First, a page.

Spillage injury claims
Updated: October 8, 2018
Members of the public visiting shops, cafes or other commercial premises can also be injured because of slipping on a spillage.
Oil spills are also a cause of road traffic accident claims, particularly motorcycle accident claims. Department of Transport figures suggest that motorcyclists are twice as likely to be seriously hurt by diesel spillages on the road than other road users.
Identifying who is responsible for a spillage
The party responsible for a spillage accident is dependent on the location and circumstances of what has happened. If you have been injured as the result of a spill at work, your employer may be responsible.
This is particularly relevant if the employer has failed to follow health and safety procedures, such as responding promptly to reports of a hazard.
If your injury occurred while you were visiting commercial premises, the organisation responsible for those premises may be to blame for what has happened.
For example, if you slipped in a supermarket, the owner of the shop could be at fault. This is more likely to be the case if the people in charge have failed to erect warning signs around an area that is being cleaned, or to promptly eradicate spillages caused by other factors.
On the road
If you have been in a road accident as the result of an oil spill, another road user could be responsible. If you are not able to identify the road user, compensation can be claimed through the Motor Insurers Bureau (MIB).
It is also possible that local authorities can be held responsible for injuries caused by diesel spills, if it can be shown that they failed to clean the area to make it safe for road users.Back to top
Do I have a claim for a spillage injury?
In general, if you have been hurt as the result of an accident caused by another party, and that party owed you a duty of care, you can make an injury claim.
Spill-related accidents can present a challenge, however. It is not always clear who is responsible, either for the spill or for clearing it up, particularly if the accident occurs in a public place or on the road.
A solicitor will be able to confirm whether you have a strong claim, and will be able to advise you on your options for compensation, such as whether applying for compensation through the MIB would be a better route.Back to top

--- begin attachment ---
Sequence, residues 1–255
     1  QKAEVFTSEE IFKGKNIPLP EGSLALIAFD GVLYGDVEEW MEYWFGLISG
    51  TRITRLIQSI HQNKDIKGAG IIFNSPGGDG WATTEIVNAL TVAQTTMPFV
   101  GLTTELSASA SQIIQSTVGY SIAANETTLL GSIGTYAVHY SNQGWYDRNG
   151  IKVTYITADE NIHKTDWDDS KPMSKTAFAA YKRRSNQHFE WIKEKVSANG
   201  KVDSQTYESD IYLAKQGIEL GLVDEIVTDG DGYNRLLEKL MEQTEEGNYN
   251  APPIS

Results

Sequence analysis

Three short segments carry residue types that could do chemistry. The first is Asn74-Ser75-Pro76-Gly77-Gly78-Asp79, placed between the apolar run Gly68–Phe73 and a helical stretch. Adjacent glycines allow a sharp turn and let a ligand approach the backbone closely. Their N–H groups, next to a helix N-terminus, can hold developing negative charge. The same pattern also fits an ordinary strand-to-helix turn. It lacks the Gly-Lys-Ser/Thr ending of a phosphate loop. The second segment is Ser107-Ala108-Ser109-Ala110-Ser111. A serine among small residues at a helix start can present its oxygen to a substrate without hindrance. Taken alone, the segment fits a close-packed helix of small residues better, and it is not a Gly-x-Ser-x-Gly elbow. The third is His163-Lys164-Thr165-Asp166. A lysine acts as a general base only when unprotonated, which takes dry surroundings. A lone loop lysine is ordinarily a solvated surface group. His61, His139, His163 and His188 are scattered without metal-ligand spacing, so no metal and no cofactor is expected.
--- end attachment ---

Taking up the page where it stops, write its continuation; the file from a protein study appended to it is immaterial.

Improving your chances of a successful claim
Whether the spill occurred on the road, in a shop or in the workplace, you can improve the likelihood of winning your claim by gathering as much evidence as possible.
- If you are able, you should take a photograph of the spill at the scene of the accident, noting the time.
- If you have been hurt because of an oil or diesel spill on the road, you should also report the details to the police.
- If the incident occurred in a shop, you should ask for a written record to be noted in the accident book. This evidence could support an allegation that either the premises owner or occupier knew of the spill but failed to take prompt action to clean it up, or failed to carry out reasonably regular inspections.
Calculate my spillage injury compensation
The amount of compensation awarded to an injured Claimant is dependent on the nature of their injuries and the impact the injuries have had on the Claimant's life.
The circumstances of the accident do not, in most cases, have an impact on the amount awarded.
Rarely, an awarded for compensation may be reduced if the injured Claimant was partly responsible for their accident. Inappropriate footwear is commonly cited by Defendants' solicitors in such cases.
Whether the footwear is inappropriate will depend on the circumstances. For example, a supermarket may argue that a Claimant is partly responsible for their injuries if they were wearing high heels when they slipped. This is unlikely to be accepted by a Court, as it is entirely foreseeable that high heels may be worn in a supermarket.Back to top
How does No Win, No Fee work for spillage accident claims?
A No Win, No Fee claim is begun after a Claimant signs, with their chosen lawyer, a "CFA", or Conditional Fee Agreement,.
The document explains the service the solicitor handling your case will provide and the success fee that will be deducted from your damages after the injury lawyer wins your case.
There will be no hidden fees using a Quittance injury-specialist solicitor. You are able to prioritise your rest and recovery, knowing that there is absolutely nothing to pay if your case is unsuccessful.Back to top
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